Vengeful Spirits


Exhuming a grave can be a complicated business. Ancient rituals must be performed correctly and in order, especially if the cadaver is morally corrupted. The removal must be “clean,” or the disharmony can affect generations to come.

This mythology drives the new film Exhuma, a spirited (excuse the pun) and terrifically entertaining tale that’s part ghost story, part procedural, part thriller, and part creature feature. It’s hyped as a “Korean occult film,” but it crosses genres. Its cast is engaging, and its action works in exhilarating elements of magic, folklore, martial arts, and dance.

A renowned shaman and her protégé are hired by a mysterious wealthy family to investigate the cause of an illness that affects only the firstborn children of each generation. They trace it back to an enigmatic ancestor who died a century ago and was buried in an unknown location.

Turns out the grave is situated on a dark mountaintop, guarded by foxes. A geomancer is brought in to evaluate the soil; its mineral richness indicates the moral state of the body it hosts. The shamans summon and extract the spirits and cleanse the grave with dances and spells, clearing out ghosts and any clinging spiritual debris before relocating or cremating the remains.

The casket removed, things go haywire: one gravedigger finds a colorful serpent winding at his feet and skewers it before seeing it has a human head (!) That’s just the beginning. Something much darker emerges, and the exhumation team discovers what’s in store for those who disturb the wrong grave.

Exhuma has the best energy of what’s currently coming out of South Korea. It’s kinetic and has a Wack-a-mole plot: one threat is vanquished, and then another rears its head. The movie’s fizz comes from its characters, themselves recognizable from the K-fare shown on venues like Netflix. The vigor of the youthful shamans played by Kim Go-eun (from Hero and the South Korean series Little Women), and Lee Do-hyun (from Honeysweet and The Night Owl) is counterbalanced by the middle-aged team of fatherly Choi Mi-sik (so good in Oldboy and I Saw the Devil) as the geomancer and his assistant, mortician Young-geun, played by Yoo Hai-Jin (of Dog Days and Honeysweet).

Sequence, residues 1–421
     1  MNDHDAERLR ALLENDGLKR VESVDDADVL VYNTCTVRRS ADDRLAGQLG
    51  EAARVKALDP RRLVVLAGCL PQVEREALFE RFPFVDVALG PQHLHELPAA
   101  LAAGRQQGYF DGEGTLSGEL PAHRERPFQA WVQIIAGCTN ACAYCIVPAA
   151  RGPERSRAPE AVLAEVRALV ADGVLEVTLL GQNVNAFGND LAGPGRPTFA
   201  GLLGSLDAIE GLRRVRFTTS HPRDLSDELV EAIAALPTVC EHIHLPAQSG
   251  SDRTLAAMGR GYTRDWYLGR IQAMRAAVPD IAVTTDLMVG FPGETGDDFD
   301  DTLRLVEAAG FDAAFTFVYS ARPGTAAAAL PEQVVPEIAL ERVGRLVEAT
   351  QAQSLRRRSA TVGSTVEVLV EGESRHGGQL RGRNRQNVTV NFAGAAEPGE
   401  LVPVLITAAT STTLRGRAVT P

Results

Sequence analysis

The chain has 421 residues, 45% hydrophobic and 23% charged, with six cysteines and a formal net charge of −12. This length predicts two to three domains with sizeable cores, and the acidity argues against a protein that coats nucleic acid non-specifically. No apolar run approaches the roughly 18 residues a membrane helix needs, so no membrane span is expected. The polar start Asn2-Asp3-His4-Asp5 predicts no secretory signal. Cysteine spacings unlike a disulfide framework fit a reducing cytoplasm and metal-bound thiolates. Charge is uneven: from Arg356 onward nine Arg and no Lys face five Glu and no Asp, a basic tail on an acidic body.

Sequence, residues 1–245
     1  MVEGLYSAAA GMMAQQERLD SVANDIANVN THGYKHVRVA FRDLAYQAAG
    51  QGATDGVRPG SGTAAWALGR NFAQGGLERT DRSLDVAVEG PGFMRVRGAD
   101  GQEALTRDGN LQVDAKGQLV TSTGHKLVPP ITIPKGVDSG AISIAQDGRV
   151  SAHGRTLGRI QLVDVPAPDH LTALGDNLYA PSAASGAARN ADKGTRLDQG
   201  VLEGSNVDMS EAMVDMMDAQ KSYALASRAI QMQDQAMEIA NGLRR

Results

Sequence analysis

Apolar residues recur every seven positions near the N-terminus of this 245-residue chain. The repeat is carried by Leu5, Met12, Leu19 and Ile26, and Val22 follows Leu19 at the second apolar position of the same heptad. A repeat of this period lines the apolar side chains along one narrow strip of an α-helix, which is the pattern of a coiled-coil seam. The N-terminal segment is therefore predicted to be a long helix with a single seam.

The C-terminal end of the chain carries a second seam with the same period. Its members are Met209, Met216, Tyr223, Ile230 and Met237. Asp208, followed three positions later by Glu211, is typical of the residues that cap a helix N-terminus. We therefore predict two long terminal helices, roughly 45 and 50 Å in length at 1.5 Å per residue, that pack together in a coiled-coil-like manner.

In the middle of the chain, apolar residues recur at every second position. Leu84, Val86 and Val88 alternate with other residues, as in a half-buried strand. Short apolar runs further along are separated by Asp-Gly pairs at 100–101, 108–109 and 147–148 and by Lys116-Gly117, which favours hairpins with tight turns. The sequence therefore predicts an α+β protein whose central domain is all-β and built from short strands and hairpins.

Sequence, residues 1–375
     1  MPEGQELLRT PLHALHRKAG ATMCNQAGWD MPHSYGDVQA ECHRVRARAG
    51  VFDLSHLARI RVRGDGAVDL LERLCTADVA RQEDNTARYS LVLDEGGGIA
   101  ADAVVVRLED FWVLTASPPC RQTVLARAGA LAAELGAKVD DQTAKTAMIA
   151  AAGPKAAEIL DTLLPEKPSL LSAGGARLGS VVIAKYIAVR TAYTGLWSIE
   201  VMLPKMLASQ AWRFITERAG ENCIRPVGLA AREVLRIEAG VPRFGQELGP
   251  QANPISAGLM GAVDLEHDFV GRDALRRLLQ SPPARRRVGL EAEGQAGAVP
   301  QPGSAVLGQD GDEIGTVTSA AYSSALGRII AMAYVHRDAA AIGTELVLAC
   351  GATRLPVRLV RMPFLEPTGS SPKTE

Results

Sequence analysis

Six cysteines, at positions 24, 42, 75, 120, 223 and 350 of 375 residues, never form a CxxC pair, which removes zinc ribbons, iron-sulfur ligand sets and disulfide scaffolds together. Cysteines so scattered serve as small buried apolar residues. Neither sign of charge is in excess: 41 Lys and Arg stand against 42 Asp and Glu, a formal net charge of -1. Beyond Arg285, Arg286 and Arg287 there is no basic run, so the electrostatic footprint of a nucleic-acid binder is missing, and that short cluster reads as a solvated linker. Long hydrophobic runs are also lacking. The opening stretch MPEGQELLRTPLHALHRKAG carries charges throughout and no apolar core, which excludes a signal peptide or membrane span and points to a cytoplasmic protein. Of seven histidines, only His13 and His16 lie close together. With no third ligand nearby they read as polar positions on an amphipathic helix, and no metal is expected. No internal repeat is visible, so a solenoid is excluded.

Director Jang Jae-hyun is best known for films of the occult, Svaha: The Sixth Finger and The Priests. Here, he navigates the sinuous course of events with the confidence of a seasoned genre director. Exhuma is both epic and intimate. By going with, in his words, "the most realistic and intuitive" approach, Jang Jae-hyun creates a visceral cinema experience.

Exhuma’s scale keeps the action close to the ground, making the sudden appearance of supernatural elements even more suspenseful. Lee Mo-gae’s cinematography and Seo Sung-kyung’s production design make the most of its palette of earth tones. Set pieces abound: a solo tango dancer, lost in the passion, is joined by a ghostly partner in front of a massive TV monitor; an intricately choreographed ceremony, “Dances of the Dead,” is filmed and edited with a minimum of CGI (the production is proud of that).

Politics is an underpinning as well. The haunted gravesite offers an unobstructed view of North Korea. The uneasy history of Korea and Japan is an issue in the form of a gargantuan warrior who is accidentally released from limbo. He’s not a ghost or a demon, being more substantial than an apparition. He’s an anima: a malevolent being solid enough to leave a footprint and a shadow. “He screamed for a century, but no one came to free him. Only his resentment remained.” And now unbound, he's ready to wreak havoc.


Exhuma. Directed by Jang Jae-hyun. 2024. From Well Go USA Entertainment.

On VOD, DVD, and Blue-Ray. 134 minutes.

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